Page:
CHANGES FOR 2008:
– New, more powerful six-cylinder engines; with them, the 525 becomes the 528, and the 530 becomes the 535
– New Lane Departure Warning system available on 535 and 550 models
– Optional USB Audio Integration
– Six new programmable memory keys for iDrive
– Automatic transmissions use new electronic gear selector
– Styling changes include new glass headlight and taillight covers, flush-mounted grille surround, horizontal trim bar, body sill contour line, rear LED turn signals
– Headlight “corona rings” become daytime running lights
– Two-tone interior door panels
– Window and mirror controls integrated into armrest
For 2008, the 5 Series’ big news is in two new 3.0-litre inline six-cylinder engines, first introduced on the redesigned 2007 3 Series Coupe. The 528 gains 15 hp and 15 lb-ft of torque over the 2007 version, and now makes 230 hp and 200 lb-ft of torque. The 535 uses twin low-inertia intercooled turbochargers and high-precision direct fuel injection with piezo injectors, for an increase of 45 hp and 80 lb-ft of torque, bringing it to 300 hp and 300 lb-ft. Both engines are available with a six-speed manual or six-speed automatic transmission, at no extra charge (the 535’s stick shift is late availability).
Both six-cylinder models are available in rear-wheel drive, as the 528i and 535i, and in all-wheel drive, as the 528xi and 535xi. The sedans are joined by the 535xi Touring station wagon. The all-wheel system is BMW’s xDrive, a torque management system that switches proactively, powering up or braking a specific wheel before any start to lose their grip.
The 550i and M5 receive the styling and interior upgrades, but their drivelines are unchanged from 2007. The 550i continues to use a 4.8-litre V8 with six-speed manual or automatic transmission; the M5 carries a 5.0-litre V10 with six-speed manual transmission or seven-speed Sequential M Gearbox (SMG) automatic transmission.
Features on the 528i and 528xi models include 17-inch alloy wheels, front and rear inner vented brake discs, automatic Xenon headlamps, fog lights, heated mirrors and washer jets, rain-sensing wipers, tire pressure monitoring system, alarm system with interior motion sensor, automatic climate control, cruise control, leather interior, ten-way power heated front seats, power sunroof, heated steering wheel with power tilt/telescopic controls, rear pass-through with ski bag, CD stereo with auxiliary input and SIRIUS satellite pre-wiring, iDrive and Bluetooth telephone preparation. The 528xi adds hill descent control and headlight washers.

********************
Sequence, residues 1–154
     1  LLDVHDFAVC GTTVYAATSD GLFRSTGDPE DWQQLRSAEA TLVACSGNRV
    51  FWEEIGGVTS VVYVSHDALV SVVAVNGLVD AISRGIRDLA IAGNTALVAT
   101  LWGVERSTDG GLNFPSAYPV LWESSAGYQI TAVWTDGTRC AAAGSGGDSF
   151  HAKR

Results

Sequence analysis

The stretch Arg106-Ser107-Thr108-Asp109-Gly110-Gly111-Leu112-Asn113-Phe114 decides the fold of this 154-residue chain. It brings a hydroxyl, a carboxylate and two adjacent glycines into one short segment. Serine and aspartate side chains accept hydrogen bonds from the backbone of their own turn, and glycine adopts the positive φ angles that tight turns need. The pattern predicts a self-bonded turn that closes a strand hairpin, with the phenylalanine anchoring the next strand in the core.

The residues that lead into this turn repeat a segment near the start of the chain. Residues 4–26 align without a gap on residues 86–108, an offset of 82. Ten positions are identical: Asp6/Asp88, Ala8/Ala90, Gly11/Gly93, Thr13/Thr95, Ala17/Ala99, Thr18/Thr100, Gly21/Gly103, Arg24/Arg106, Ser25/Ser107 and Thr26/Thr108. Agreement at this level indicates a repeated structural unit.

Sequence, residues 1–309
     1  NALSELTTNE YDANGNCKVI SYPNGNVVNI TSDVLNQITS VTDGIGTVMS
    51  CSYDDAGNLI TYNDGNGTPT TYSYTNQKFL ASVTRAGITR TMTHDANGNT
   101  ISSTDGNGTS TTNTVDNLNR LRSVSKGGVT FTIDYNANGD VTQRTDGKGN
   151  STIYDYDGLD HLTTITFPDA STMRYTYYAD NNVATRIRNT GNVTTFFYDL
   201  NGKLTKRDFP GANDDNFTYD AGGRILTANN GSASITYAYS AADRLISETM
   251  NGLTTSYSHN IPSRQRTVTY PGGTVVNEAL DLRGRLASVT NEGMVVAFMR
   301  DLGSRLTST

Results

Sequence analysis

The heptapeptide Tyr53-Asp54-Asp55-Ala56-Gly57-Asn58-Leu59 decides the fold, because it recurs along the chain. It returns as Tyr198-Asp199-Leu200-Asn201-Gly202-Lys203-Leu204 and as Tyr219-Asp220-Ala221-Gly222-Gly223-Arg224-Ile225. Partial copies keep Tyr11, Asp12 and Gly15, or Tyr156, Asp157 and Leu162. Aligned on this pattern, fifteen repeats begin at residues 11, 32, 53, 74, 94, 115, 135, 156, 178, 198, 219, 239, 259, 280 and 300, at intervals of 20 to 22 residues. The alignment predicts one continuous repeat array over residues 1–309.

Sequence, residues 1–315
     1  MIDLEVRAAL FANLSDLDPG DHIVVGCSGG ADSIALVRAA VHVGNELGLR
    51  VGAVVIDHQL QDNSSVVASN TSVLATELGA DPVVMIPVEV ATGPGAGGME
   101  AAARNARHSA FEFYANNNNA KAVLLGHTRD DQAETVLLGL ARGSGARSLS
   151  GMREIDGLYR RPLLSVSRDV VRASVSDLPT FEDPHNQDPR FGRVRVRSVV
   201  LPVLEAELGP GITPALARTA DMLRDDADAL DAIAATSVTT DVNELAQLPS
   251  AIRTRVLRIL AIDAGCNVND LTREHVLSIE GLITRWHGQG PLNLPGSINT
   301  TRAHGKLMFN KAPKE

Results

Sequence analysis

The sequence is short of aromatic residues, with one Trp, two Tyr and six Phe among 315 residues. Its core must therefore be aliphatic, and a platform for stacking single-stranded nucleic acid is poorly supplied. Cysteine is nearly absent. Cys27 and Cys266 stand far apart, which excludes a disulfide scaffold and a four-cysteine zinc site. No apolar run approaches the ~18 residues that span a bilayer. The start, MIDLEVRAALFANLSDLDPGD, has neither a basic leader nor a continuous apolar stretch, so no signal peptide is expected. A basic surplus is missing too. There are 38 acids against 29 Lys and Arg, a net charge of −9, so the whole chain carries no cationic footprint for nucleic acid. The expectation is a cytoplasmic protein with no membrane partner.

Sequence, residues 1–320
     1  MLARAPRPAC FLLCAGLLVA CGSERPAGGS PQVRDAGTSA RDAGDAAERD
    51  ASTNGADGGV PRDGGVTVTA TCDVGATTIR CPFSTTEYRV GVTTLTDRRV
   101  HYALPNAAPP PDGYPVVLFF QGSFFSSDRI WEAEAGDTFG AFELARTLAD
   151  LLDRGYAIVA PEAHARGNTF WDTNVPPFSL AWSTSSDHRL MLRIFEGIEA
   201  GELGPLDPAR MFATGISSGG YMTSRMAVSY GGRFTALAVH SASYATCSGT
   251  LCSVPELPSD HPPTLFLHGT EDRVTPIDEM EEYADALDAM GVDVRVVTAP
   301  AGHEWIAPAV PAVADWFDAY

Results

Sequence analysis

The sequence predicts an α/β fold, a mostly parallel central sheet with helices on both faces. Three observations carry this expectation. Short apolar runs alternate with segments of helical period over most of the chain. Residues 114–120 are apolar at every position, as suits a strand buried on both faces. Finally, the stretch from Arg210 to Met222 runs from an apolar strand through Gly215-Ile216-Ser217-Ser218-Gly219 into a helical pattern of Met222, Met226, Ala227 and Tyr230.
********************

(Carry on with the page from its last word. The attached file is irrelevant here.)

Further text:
The 535xi Touring (wagon) adds a panoramic sunroof, storage compartment package, rear roof spoiler, power liftgate, 12-volt outlet in the cargo area and cargo net.
The 535i and 535xi add adaptive headlights, Comfort Access proximity key, and sport steering wheel.
The 550i adds 19-inch alloy wheels, M sport suspension, M sport exhaust, auto-dimming exterior and interior mirrors, M Aerodynamic package, anthracite headliner, front sport seats with lumbar support, and garage door opener.
The M5 uses 19-inch alloy wheels with performance tires and adds park distance control, power-folding mirrors, twelve-way power seats, navigation system and six-disc CD changer.
The 5 Series provides a wide range for drivers, especially since models can be had in manual or automatic mode, a rare choice among larger luxury vehicles. The 528’s new engine is a beautiful powerplant, but the 535 is simply masterful, with a broad powerband (1400 to 5000 rpm) that provides instant acceleration throughout its range, and with virtually no turbo lag; if you weren’t told the car had turbochargers, you wouldn’t know. While some drivers will want to move up to the 550i’s V8, there really isn’t any need to do so; these six-cylinders provide all the power most enthusiasts will ever want.
The six-speed automatics are worthy of their engines, but the new electronic shifter, first seen on the X5, is not intuitive – almost every other shifter pulls down from Park to Reverse, but BMW’s has you pushing it up – and new owners or multi-vehicle households will have to exercise caution, as it takes a lot to get used to it. The M5, while providing the ultimate in push-into-your-seat performance, is best enjoyed with the stick shift; the SMG all but comes to a stop between shifts on hard throttle, and is better left behind in the showroom.